|Publication number||US5869444 A|
|Application number||US 07/701,547|
|Publication date||Feb 9, 1999|
|Filing date||May 15, 1991|
|Priority date||Sep 10, 1985|
|Also published as||CA1341151C, DE3683583D1, EP0218900A2, EP0218900A3, EP0218900B1, US5039609|
|Publication number||07701547, 701547, US 5869444 A, US 5869444A, US-A-5869444, US5869444 A, US5869444A|
|Original Assignee||Research Corporation Technologies, Inc.|
|Export Citation||BiBTeX, EndNote, RefMan|
|Patent Citations (21), Non-Patent Citations (15), Referenced by (15), Classifications (20), Legal Events (4)|
|External Links: USPTO, USPTO Assignment, Espacenet|
This is a divisional of application Ser. No. 182,708, filed on Apr. 18, 1988 now U.S. Pat. No. 5,039,609 which is a continuation-in-part of Ser. No. 774,261 filed Sep. 10, 1985 now abandoned.
The present invention relates to a novel method of performing peritoneal dialysis. More specifically, it relates to the use of relatively low molecular weight peptides as osmotic agents in a peritoneal dialysate.
Another aspect of the present invention relates to an improved method for the enzymatic hydrolysis of proteins to produce low molecular weight peptides for use in peritoneal dialysis.
In still another aspect of the present invention the novel process may be applied to the enzymatic hydrolysis of oligosaccharides such as starch to produce products free of enzymes, high molecular weight starch fractions and insoluble starch material. If desired, this novel process may also be applied to glucose as well.
The normal function of the mammalian kidney includes such activity as maintaining a constant acid-base and electrolyte balance, removing excess fluids and removing undesirable products of the body's metabolism from the blood. In an individual with end stage renal disease, this functioning of the kidney may be reduced to as low as 5% or less of the normal level. When renal function has decreased to this point, artificial means must then be employed to substitute for the kidney activity, if life is to be sustained. This is accomplished clinically by the use of dialysis. One of the most common methods for achieving this is hemodialysis, in which the patient's blood is passed through an artificial kidney dialysis machine. In the machine, a synthetic non-permeable membrane acts as an artificial kidney with which the patient's blood is contacted on one side; on the opposite side of the membrane is a dialyzing fluid or dialysate, the composition of which is such that the undesirable products in the patient's blood will naturally pass across the membrane by diffusion, into the fluid. The blood is thus cleansed, in essentially the same manner as the kidney would have done, and the blood is returned to the patient's body. This method of dialysis requires the patient to be physically "hooked up" to the machine for several hours, often several times a week. For obvious reasons, this technique, although efficient, presents a number of inconveniences.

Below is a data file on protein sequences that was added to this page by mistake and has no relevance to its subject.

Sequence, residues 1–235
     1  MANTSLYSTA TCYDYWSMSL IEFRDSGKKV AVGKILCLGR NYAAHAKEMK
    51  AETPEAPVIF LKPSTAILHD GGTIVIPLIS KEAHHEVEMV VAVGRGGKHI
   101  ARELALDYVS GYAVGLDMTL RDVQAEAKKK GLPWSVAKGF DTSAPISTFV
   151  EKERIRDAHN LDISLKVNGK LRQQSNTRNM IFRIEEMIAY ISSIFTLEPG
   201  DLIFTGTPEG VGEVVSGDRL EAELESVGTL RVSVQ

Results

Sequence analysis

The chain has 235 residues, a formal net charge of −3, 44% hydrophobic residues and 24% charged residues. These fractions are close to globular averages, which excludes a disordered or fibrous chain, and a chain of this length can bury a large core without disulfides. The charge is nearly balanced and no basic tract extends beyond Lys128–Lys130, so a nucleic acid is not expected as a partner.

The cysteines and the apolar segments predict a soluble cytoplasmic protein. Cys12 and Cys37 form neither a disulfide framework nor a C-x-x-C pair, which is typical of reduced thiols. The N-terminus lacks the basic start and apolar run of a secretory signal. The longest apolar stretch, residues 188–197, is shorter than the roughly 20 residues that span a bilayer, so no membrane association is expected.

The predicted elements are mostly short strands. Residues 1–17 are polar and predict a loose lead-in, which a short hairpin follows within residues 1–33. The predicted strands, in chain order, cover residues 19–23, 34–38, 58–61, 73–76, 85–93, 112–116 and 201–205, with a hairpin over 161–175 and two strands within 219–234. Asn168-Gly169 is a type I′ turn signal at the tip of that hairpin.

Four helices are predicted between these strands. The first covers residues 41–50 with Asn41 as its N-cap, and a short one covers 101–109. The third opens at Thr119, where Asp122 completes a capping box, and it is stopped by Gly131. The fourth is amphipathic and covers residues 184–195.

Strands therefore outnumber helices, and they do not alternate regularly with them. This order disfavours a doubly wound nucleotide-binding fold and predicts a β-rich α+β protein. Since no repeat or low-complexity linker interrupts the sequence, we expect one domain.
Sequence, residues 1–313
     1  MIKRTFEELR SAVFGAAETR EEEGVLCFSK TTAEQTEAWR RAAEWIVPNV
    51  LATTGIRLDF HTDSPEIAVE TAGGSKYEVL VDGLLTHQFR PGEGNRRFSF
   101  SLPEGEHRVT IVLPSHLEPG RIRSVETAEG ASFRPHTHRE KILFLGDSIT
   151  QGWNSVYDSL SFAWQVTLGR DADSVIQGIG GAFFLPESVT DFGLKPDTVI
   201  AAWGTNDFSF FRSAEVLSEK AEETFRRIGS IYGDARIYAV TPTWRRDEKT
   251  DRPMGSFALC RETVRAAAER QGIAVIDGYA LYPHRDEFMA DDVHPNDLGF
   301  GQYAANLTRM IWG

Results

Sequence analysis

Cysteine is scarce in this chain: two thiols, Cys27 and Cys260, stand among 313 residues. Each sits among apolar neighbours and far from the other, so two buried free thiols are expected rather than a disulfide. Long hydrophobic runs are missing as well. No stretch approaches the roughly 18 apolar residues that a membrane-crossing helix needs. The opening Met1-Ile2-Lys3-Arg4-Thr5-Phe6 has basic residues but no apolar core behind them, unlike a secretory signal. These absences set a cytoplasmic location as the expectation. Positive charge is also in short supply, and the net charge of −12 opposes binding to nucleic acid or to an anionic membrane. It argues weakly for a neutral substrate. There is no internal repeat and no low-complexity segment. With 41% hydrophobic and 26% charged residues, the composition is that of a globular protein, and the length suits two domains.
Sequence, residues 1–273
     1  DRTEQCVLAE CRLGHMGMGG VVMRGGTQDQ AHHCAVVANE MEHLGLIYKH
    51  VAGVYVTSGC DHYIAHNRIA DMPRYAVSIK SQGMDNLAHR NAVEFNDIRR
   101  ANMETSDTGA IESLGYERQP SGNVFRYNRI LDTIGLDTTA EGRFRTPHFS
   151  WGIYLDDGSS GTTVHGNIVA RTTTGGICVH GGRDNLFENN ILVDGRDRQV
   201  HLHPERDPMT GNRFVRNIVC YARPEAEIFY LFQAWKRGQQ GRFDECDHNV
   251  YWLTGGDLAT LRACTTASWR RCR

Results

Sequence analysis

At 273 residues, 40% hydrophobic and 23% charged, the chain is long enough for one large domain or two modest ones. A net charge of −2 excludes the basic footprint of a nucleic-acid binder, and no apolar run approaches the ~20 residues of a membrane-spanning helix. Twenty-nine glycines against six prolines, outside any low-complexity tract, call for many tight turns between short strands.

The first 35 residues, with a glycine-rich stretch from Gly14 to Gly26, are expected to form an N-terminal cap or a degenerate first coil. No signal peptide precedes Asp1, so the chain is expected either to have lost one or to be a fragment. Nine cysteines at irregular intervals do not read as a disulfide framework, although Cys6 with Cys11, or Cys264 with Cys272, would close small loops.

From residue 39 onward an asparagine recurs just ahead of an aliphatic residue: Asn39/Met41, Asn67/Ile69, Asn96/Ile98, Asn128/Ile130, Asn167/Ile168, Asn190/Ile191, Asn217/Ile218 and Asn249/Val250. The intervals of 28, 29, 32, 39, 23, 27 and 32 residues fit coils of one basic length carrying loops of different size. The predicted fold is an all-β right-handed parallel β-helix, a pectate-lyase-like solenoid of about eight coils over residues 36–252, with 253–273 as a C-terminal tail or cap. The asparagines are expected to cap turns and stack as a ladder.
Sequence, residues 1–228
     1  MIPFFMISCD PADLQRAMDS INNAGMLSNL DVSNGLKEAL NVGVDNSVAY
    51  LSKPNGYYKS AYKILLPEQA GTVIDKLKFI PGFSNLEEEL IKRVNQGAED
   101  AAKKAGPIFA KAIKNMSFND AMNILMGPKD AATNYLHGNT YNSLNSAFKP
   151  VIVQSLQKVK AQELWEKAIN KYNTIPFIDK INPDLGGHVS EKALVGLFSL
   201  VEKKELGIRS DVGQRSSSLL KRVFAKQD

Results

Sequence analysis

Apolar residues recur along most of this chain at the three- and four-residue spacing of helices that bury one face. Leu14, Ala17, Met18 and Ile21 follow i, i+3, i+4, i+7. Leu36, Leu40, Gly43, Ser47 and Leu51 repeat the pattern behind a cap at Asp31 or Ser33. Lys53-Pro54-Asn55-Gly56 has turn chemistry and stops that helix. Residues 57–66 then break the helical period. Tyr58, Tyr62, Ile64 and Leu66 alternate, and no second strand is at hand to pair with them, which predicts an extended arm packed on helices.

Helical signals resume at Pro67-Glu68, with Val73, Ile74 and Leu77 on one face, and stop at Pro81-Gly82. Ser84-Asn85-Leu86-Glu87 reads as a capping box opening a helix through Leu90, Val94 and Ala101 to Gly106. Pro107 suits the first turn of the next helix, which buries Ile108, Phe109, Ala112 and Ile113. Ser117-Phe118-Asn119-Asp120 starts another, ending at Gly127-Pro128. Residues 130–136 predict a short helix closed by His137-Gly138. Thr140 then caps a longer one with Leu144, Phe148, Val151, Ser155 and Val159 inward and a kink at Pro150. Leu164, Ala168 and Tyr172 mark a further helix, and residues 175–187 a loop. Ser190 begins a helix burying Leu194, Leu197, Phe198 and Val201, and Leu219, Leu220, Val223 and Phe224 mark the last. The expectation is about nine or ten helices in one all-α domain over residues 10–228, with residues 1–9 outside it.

Some of the disadvantages associated with hemodialysis, which requires extracorporeal treatment of the blood, are overcome by the use of techniques which utilize the patient's own peritoneum as the required semipermeable membrane. The peritoneum is the membraneous lining of the body cavity which contains large numbers of blood vessels and capillaries and is thus capable of acting as a natural semipermeable membrane. Dialysis solution is introduced into the peritoneal cavity, via a catheter in the abdominal wall. A suitable period of residence time for the dialysate is allowed to permit the exchange of solutes between it and the blood; fluid removal is achieved by providing a suitable osmotic gradient from the blood to the dialysate to permit water outflow from the blood. Thus, the proper acid-base, electrolyte and fluid balance is returned to the blood and the dialysis solution is simply drained from the body cavity through the catheter. Although more than one type of peritoneal dialysis exists, the technique known as continuous ambulatory peritoneal dialysis (CAPD) is particularly favored, since it does not require the patient to remain tied to machinery while the solute and fluid exchange is accomplished. The only sedentary period required is during infusion and draining of the dialysis solution.